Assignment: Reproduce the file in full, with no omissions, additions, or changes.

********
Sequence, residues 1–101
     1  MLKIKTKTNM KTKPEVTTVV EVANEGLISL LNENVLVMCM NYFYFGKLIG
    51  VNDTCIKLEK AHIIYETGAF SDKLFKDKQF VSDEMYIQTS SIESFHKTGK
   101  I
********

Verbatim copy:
Sequence, residues 1–101
     1  MLKIKTKTNM KTKPEVTTVV EVANEGLISL LNENVLVMCM NYFYFGKLIG
    51  VNDTCIKLEK AHIIYETGAF SDKLFKDKQF VSDEMYIQTS SIESFHKTGK
   101  I